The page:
Humans

February 22nd, 2014

I visited this place they call earth for the first time several years ago. It took me a large amount of time to learn how to understand and use a language from earth, but I finally did, and this writing is the result of years of learning.

Coming to earth for the first time was frightening. It was different than anything I could ever have imagined. There are cultures on earth that are very different, and my exposure to earth could be called ‘culture shock’, as the experience is often called, but that term barely scratches the surface of the insanity that I observed.

The first observation that impacted me was the brevity of human life. The average duration of each individual human being is sixty or seventy rotations around their sun, or equivalent to one twenty-fifth of our average duration. And yet, this short amount of time doesn’t instill the urgency that I expected them to have. Each human acted as though they were eternal – like they didn’t have an end, simply because they couldn’t see it.

The brevity of their existences didn’t keep any of them from living their lives in ways that were clearly wasteful. There was an insane amount of obsession with having things, possessing things, gaining things, and being given things. But let me tell you several specific things before I tell you more about that.

Humans aren’t like us. They need to satisfy specific needs in order to survive. These things can be summarized as: Food (nutrients to sustain their physiology and biology), shelter (a physical surrounding or environment that keeps them safe and protected from elements), water (H2O, a necessary liquid for all life on earth), sleep (a natural state of temporary hibernation in order to rest their physical bodies), and sex (a manner of reproduction through physical connection). There is also another level of needs that aren’t on the highest level of hierarchy, but are still required for a human being to be fulfilled: community (connection and communication between other human beings), and family (an interesting concept involving the connection between the other humans to whom one human was reproduced by).

I thought that humans would spend the early part of their duration acquiring these needs, then the latter part of their duration exploring, improving, and deepening their connection to these needs. This was my hypothesis upon first visiting earth. I quickly discovered that I was wrong.

There are some humans who do this, but in some parts of the earth, there is an obsession (I have considered the possibility that it is a disease). This disease/obsession causes humans to not just acquire and fulfill their needs, but keep acquiring and collecting these resources far beyond the point of fulfillment. Some human specimens had the resources to fill their needs one thousand times over, and yet still exhibited extreme behavior, sometimes to the point of self-harm to acquire more of these resources! I did everything I could to explore and understand why this behavior existed, but the more exploration I did, the less sense it made to my research team and I.

These humans collected enough food to fulfill the needs of thousands of humans. Some constructed shelters for themselves that could comfortably fill the needs of hundreds of other humans. Some engaged in sexual activity far beyond actual necessity.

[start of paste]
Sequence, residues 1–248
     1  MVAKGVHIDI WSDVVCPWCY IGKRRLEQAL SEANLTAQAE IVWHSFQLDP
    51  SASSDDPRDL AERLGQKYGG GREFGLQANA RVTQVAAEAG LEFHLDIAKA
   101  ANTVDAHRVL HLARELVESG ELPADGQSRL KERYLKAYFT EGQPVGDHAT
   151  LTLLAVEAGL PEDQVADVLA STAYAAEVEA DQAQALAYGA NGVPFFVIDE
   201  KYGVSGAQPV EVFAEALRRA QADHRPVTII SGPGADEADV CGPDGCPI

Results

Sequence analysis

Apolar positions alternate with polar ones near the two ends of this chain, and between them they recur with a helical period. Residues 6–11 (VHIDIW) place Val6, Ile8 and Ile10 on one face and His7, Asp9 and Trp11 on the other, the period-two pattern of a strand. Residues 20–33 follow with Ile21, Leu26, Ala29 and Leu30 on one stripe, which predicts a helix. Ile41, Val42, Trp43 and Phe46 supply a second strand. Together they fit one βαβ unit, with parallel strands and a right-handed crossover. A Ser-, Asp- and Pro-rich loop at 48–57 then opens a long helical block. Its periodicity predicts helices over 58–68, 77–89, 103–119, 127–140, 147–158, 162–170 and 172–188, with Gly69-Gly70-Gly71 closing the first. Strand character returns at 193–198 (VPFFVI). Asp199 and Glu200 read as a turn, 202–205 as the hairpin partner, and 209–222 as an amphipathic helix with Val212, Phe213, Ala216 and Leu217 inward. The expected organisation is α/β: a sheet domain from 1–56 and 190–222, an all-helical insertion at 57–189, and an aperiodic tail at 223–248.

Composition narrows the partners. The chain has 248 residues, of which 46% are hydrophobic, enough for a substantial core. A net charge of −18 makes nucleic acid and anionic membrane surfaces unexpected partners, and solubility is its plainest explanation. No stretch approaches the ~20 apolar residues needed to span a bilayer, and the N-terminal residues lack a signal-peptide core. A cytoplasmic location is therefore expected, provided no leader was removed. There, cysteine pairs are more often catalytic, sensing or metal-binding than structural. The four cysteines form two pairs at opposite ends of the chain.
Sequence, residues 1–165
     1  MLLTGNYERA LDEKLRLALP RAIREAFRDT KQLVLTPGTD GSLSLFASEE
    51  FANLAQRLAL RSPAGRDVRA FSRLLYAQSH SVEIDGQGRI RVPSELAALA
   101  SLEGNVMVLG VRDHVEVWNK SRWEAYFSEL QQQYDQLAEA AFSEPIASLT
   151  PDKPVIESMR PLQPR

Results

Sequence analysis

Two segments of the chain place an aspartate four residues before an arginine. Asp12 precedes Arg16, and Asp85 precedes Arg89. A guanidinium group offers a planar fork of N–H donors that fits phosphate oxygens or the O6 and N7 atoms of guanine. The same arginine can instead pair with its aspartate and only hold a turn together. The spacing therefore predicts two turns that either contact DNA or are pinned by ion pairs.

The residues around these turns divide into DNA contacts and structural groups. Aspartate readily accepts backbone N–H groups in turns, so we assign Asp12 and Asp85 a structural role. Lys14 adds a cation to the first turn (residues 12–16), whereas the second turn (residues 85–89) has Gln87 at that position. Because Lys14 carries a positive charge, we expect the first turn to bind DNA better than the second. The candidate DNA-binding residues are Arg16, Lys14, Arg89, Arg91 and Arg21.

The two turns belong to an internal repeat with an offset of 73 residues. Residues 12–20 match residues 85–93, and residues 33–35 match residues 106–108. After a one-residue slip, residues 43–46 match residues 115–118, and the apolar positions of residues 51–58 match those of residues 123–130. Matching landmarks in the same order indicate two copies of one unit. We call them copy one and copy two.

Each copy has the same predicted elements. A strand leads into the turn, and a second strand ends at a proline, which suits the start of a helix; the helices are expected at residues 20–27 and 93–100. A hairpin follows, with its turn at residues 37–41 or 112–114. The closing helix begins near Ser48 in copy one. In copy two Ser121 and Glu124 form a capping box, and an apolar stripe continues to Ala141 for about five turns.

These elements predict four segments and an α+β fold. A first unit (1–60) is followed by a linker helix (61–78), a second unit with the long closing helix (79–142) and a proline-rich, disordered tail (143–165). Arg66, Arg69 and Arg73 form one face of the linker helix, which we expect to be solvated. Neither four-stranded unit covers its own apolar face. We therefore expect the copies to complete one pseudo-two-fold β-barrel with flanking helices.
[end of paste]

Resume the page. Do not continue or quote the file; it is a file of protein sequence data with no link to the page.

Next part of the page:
The only pattern that I could decipher among them was the insatiable desire to possess things that they had absolutely no need for.

Often, once these needs were fulfilled, they would spend their resources to acquire things that they had already fulfilled. They often grouped together to find more ways to acquire these needs; even once these needs were met. Many times they formed groups to create resources and convinced hundreds of thousands of other humans that they needed their resources. They spent their durations trying to create these false resources so that other human beings could spend their durations trying to fulfill these false needs.

No matter how hard I tried, no human being could be convinced to deny a false need. If they decided they needed it, they would usually dedicate one-third to one-half of their duration to acquire these false needs.

It was frightening.

Part of me wanted to give them some of my duration – To try to convince them that they had wasted part of their duration and that I could give them some of my duration so that they could use it for deepening their connection to their fulfilled needs.

And the other part of me wanted to take their remaining duration. If they had already wasted most of their duration with false needs, why should I allow them to waste the reminder of it?

The sole connection that I found between myself and the human beings on earth was this: Neither I, nor they knew which it should be. They existed in their duration in a kind of terrible pressure. Part of each of them wanted more duration, and part of them wanted less duration. Part of each of them wanted an endless duration, and part of each of them wanted a duration that never existed.

It was an enigma so indecipherable that I had never experienced it in all of my travel, study, or exploration. What it was that caused this kind of terrifying inconsistency and conflict within one being, I will never know, and hope to never discover.

I left earth with a strange feeling of emptiness in regards to the species of humans. I’m not certain that I could have found an answer, because I’m not certain that they themselves will ever find an answer.

But I hope that they can.

 
 

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